Background: With the aging population, the prevalence and incidence of cerebrovascular disease will continue to rise, as will the number of individuals with post-stroke cognitive impairment (PSCI). Unfortunately, no specific FDA approved treatments for PSCI exist. Although clinical trial evidence supports that renin angiotensin system (RAS) modulation by angiotensin receptor blockers (ARBs) prevent cognitive decline in older adults. The aim of our study was to determine the impact of the ARB candesartan or the AT2R agonist, C21, after stroke, on long-term cognitive function in spontaneously hypertensive rats (SHRs).
Methods: Thirty three SHRs were subjected to a 60 minute transient middle cerebral artery occlusion (MCAO) and randomly assigned to either Saline/ C21 (0.3 mg/kg, IP) only or Saline/ C21 (7 days) followed by candesartan (0.3 mg/kg) IP for the remainder of the study. Outcome measures included sensorimotor and cognitive function, performed using a sequence of blinded tests, and assessed at baseline and up to 28 days post-stroke. Animals were sacrificed at 30 days and their brains collected for amyloid-β protein determination and histopathologic analyses.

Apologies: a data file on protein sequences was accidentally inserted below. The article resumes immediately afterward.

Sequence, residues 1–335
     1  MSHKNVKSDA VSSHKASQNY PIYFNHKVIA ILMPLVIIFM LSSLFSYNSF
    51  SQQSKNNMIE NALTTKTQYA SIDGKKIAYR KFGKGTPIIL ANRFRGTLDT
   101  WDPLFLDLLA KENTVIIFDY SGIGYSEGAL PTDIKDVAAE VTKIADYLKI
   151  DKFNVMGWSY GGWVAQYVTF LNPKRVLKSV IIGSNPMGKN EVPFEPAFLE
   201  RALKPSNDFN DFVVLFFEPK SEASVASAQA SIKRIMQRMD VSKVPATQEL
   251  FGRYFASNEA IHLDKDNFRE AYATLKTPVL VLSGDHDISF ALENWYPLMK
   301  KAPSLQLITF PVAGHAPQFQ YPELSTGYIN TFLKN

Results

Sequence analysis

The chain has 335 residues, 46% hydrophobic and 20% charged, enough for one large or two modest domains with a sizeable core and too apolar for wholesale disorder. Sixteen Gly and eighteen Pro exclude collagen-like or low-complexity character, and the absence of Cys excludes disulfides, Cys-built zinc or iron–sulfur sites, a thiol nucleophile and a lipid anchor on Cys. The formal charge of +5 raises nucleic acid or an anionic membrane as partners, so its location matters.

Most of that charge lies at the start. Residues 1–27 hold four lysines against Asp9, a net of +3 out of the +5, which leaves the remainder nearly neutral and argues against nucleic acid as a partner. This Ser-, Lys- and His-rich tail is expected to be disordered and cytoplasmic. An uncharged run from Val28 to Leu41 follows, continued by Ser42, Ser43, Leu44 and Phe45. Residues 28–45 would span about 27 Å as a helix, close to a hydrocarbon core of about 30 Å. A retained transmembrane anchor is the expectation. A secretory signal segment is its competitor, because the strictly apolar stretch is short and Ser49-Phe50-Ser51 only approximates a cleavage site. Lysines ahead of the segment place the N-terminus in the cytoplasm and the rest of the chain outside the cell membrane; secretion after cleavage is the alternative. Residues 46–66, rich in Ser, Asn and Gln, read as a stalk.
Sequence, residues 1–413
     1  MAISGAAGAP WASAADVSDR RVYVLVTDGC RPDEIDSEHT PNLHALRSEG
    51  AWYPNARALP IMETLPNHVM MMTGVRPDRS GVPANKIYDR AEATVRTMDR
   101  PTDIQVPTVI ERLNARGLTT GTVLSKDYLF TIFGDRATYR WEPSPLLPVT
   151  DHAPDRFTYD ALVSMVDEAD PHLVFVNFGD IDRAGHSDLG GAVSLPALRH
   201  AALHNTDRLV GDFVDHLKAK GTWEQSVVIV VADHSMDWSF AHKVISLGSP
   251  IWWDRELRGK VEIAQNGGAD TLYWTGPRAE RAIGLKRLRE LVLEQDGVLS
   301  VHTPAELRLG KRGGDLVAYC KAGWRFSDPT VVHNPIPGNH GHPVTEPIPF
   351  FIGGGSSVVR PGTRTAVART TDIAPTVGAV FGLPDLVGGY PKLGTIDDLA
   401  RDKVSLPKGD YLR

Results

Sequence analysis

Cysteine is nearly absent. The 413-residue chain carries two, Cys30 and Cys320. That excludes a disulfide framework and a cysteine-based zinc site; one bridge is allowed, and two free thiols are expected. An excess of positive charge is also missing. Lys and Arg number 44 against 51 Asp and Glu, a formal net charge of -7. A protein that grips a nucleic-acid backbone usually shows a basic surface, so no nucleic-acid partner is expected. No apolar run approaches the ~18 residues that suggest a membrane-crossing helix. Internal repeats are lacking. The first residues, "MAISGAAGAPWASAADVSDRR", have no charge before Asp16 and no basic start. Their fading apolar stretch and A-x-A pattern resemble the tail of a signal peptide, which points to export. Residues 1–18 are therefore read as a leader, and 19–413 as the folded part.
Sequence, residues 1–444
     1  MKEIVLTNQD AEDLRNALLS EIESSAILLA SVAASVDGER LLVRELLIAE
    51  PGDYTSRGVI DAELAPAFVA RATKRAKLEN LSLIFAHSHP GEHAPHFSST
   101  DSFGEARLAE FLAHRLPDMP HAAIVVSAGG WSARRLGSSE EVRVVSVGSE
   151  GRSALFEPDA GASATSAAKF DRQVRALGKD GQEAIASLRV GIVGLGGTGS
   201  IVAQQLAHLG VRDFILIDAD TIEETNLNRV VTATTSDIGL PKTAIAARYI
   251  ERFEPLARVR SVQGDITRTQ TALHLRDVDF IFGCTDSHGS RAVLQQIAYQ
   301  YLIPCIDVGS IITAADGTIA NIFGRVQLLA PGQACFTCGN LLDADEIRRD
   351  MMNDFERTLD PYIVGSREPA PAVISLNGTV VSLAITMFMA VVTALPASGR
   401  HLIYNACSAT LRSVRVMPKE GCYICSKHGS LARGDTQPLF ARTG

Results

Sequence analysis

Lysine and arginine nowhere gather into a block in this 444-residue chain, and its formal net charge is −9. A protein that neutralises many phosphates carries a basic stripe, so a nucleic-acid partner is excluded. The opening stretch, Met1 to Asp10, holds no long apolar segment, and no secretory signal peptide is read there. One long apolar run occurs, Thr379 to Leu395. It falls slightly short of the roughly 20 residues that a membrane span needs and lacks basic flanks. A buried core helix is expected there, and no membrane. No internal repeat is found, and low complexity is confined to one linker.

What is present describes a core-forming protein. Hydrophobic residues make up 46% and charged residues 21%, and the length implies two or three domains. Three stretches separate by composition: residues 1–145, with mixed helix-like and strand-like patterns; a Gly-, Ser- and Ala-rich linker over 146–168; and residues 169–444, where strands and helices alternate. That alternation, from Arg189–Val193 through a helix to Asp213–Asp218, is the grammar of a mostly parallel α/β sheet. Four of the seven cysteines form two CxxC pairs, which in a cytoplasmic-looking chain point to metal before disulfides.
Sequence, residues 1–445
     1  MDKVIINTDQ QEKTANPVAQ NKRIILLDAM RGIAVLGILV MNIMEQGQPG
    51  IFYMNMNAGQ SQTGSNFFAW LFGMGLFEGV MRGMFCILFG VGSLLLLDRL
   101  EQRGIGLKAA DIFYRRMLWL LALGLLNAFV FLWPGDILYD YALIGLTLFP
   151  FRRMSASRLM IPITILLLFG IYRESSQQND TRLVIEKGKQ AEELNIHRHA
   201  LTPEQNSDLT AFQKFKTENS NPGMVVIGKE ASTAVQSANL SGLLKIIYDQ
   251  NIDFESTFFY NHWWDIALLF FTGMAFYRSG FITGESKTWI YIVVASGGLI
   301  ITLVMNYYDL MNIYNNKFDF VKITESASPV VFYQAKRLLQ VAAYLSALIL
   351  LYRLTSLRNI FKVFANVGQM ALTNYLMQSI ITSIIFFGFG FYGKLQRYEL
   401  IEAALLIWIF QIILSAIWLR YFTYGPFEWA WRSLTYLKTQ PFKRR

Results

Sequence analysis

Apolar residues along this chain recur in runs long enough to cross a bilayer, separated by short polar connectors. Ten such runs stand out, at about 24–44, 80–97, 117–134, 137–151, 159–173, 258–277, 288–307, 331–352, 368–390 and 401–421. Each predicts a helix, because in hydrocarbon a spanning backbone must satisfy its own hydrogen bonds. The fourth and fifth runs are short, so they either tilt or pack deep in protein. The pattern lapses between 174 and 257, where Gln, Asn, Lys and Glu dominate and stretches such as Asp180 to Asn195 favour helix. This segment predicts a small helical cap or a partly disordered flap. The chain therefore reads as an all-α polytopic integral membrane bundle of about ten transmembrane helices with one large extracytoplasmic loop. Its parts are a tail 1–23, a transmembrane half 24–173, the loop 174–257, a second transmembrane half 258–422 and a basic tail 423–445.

Results: Chronic administration of C21, or candesartan prevented PSCI, even when treatment was initiated at 7 days after the ischemic insult. The groups treated with C21 and candesartan demonstrated superior performance on the novel NOR test, compared to saline treated animals. C21 (first 7 days) only or C2 and candesartan treatments had markedly lower hippocampal concentrations of Aβ1-42 at 30 days post-stroke than those treated with saline. Sensorimotor deficits (Bederson and beam walk scores) were pronounced at 24 h post-stroke and all treatment groups showed similar recovery at 28 days post stroke. C21 had no effect on BP compared to saline-treated controls.
Conclusion: Collectively, our findings demonstrate that RAS modulators effectively prevent PSCI, even when treatment is delayed.